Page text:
Byline: Marshall H. Tanick
"I gave the categorical order to confiscate the largest number of weapons of every sort and kind."
Italian dictator Benito Mussolini
"I've got a firm policy on gun control; if there's a gun around, I want to be the one controlling it."
Actor/director Clint Eastwood
It's been nearly four months now since the three mass shootings in Gilroy, California, followed a week later in El Paso, Texas, and then Dayton, Ohio, that killed and injured dozen of victims. President Trump initially responded by promising bold action, raising the possibility of supporting expanded background checks for purchasers and even "red flag" legislation at the federal level.
While he subsequently retreated when taken to task from his friends and financiers at the National Rifle Association (NRA), he later characteristically swerved and hinted support for at least upgraded background checking. He also said weeks ago that an administrative legislative proposal would be unveiled momentarily for submission to Congress.
But other events intervened in the nation's capital: impeachment proceedings, military withdrawal from Syria, the slaying of the ISIS leader, and even the Nationals participation and triumph in the World Series (Congratulations, Nats). As a result, gun safety has receded from a blazing issue to the back-burner, despite these new shootings, taking a dozen lives in Santa Clarita and Fresno, California, which have very restrictive gun laws, and Oklahoma, which does not.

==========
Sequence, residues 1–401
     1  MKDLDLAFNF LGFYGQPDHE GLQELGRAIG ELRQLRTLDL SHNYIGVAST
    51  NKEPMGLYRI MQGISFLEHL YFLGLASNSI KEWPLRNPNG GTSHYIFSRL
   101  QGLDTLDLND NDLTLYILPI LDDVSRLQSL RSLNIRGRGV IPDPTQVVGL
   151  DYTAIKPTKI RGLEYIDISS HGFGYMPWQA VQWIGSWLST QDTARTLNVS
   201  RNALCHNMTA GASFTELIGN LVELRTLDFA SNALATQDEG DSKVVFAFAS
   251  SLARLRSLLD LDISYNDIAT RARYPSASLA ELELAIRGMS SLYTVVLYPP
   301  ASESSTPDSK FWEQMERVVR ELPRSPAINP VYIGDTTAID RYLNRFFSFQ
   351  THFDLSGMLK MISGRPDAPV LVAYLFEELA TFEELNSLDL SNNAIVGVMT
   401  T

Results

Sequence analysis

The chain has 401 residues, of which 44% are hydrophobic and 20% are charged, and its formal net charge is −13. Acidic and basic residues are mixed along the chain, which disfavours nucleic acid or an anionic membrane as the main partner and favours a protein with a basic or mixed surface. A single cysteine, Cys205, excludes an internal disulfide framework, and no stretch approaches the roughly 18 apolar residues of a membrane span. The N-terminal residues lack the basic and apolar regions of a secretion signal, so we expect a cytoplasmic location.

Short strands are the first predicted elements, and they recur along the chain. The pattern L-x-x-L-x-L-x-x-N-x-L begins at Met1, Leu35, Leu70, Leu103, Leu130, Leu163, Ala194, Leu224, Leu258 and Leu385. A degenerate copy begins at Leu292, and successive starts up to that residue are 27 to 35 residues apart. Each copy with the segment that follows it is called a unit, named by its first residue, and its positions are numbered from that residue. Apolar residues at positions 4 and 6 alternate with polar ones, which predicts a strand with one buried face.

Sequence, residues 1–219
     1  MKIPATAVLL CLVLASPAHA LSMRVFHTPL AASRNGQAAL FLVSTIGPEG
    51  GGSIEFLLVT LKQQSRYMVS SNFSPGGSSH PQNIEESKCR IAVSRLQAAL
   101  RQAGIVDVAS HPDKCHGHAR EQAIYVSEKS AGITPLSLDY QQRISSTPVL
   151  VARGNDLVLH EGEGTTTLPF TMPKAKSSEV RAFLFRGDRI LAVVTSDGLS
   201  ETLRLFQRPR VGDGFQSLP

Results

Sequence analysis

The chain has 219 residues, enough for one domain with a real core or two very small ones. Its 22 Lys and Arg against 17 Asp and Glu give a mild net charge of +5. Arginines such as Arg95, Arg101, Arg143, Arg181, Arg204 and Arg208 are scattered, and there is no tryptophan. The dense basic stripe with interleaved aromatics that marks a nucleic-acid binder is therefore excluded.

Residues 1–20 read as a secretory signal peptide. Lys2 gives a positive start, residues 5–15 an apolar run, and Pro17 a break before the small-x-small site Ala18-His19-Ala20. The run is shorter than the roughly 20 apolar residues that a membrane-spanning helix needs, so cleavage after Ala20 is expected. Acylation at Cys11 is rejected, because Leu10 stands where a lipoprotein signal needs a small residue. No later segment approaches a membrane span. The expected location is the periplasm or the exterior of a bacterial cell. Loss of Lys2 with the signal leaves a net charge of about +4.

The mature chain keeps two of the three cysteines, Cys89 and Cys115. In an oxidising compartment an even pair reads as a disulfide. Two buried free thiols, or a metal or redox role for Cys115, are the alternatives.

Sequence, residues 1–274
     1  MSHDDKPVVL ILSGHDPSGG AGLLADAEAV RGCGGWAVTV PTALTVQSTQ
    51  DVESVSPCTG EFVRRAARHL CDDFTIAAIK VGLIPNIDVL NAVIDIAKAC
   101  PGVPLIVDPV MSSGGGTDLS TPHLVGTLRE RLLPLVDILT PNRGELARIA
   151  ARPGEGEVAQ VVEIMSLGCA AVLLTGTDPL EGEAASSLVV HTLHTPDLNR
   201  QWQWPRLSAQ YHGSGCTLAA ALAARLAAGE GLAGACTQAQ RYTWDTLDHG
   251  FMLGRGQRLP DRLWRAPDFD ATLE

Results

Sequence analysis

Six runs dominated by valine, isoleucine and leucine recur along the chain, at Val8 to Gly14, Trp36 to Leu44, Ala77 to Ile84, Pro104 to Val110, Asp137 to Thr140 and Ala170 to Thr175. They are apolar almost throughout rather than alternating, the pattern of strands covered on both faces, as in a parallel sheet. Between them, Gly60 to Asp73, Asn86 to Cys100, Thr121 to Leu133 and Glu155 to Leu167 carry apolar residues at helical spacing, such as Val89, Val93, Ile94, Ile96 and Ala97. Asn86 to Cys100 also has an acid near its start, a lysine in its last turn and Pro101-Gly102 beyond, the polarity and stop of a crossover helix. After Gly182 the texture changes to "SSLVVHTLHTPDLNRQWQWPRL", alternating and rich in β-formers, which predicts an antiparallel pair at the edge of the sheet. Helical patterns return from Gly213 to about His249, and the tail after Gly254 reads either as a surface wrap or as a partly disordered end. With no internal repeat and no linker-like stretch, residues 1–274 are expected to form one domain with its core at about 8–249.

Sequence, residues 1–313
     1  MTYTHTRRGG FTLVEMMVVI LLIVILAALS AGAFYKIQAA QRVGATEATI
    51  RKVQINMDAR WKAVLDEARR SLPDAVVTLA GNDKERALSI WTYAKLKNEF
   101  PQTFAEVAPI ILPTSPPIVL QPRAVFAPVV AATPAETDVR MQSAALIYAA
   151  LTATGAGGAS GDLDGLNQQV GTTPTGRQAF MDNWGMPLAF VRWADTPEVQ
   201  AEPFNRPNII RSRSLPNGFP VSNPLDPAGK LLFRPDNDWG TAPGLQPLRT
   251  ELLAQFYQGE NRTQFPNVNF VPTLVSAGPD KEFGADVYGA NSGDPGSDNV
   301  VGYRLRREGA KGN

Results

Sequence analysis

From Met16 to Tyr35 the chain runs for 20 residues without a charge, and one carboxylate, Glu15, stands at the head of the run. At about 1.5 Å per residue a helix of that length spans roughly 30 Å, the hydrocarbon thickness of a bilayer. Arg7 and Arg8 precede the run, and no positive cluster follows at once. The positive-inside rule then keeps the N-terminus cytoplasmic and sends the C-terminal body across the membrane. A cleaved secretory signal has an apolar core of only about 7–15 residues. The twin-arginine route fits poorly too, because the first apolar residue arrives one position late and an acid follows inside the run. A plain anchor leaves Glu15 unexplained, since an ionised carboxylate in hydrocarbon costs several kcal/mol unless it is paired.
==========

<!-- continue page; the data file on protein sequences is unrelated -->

Pair of proceedings
But the inattention at the White House does not mean that the once-lively issue of gun safety is now dead.
A couple of miles away, a pair of pending proceedings at the U. S. Supreme Court could profoundly affect gun safety issues nationally as well as here in Minnesota. One to be heard on Monday, Dec. 2, is a NRA-backed lawsuit entitled New York State Rifle and Gun Association v. City of New York, No. 18-280, which challenges a quirky New York City law barring lawful gun owners from transporting their weapons outside the municipality, even on innocuous occasions such as taking them out for target practice, hunting, or to their cabins or other residences for their personal safety beyond Gotham.
The challengers argue that the unusual measure "violates their right to bear arms" under the Second Amendment to the Constitution, the first time the high court will consider that clause in nearly a decade dating back to the 2008 case of Washington District of...